A constructive alternative

Again, if this is the only thing that comes to mind – it is better to be silent and say nothing!

The language we use every day

“If you want something very much, it will come true”!

Knock, knock, who is it? Reality? What do you say, it won’t help me that I really want to be a ballerina, I have to do something about it? Am I too old to be a ballerina now? Please, so how dare you? Besides, I know that if I really want to, it will happen to me…

What’s wrong?

When we remove the belief in unicorns, vortices and angels from the equation, we are left with bare facts: no, it will not be enough that we really want something to happen. Sometimes it will not be enough to give everything we have to move the will of the cosmos by one thin millimeter. And sometimes it is really important that we want very much, but it is even more important that we take steps out of that strong desire in the direction of getting to what we want. Can’t I become a ballerina? Okay, I’m going to be a runner. From tomorrow, I will start preparing and training, and while I am doing that, I will really want to.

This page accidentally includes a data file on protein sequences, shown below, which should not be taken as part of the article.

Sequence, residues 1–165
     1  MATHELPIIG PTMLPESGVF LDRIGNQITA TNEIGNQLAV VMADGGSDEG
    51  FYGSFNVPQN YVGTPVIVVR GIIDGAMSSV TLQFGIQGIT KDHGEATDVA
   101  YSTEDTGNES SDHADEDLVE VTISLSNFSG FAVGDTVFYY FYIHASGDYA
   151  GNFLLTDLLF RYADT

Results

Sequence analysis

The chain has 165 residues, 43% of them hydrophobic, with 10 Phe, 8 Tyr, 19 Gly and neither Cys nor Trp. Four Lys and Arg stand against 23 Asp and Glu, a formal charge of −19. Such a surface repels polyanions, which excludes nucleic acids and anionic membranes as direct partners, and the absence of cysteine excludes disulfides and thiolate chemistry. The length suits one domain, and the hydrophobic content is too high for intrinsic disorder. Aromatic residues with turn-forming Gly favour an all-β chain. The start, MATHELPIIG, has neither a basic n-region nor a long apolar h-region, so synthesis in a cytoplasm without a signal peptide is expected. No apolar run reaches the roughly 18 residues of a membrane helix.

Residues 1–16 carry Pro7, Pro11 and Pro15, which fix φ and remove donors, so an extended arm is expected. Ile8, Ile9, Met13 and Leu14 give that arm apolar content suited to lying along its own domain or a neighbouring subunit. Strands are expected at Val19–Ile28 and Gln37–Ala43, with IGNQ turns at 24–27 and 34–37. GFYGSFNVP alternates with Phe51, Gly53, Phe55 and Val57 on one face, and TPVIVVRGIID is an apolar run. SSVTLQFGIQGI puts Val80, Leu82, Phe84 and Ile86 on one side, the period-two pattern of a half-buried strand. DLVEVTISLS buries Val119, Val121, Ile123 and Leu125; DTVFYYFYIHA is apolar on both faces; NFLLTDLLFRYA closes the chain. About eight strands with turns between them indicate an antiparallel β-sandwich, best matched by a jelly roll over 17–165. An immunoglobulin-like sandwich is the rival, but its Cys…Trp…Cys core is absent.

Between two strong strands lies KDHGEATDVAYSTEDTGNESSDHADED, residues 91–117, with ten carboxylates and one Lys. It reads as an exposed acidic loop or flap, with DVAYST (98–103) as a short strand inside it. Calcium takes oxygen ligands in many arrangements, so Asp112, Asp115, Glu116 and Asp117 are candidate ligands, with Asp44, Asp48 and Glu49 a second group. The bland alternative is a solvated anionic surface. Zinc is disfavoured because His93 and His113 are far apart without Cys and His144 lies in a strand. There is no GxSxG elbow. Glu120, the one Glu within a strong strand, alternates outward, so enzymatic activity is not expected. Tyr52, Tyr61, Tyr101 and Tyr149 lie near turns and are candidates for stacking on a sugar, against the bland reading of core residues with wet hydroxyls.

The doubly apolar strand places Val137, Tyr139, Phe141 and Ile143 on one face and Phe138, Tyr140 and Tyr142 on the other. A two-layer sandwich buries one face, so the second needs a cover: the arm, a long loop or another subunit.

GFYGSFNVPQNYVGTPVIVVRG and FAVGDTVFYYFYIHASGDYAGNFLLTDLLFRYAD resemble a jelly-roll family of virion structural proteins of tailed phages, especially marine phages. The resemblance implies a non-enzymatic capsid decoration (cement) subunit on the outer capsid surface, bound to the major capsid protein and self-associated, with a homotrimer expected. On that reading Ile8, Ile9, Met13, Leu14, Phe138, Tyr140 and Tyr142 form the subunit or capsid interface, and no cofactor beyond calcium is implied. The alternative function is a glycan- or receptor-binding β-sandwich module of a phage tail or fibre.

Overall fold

Constructive alternative

If you want to encourage someone, it is smarter to say something simple and human-like “I believe in you” or “I’m here for you if I can help you somehow”, without putting in the position of a sage or a consumer of (too) easy reading forcing ourselves to feel positive.

As it has already been said, when we want to address one of these sentences to someone, the intention we have is usually good. However, the way we express that intention is wrong.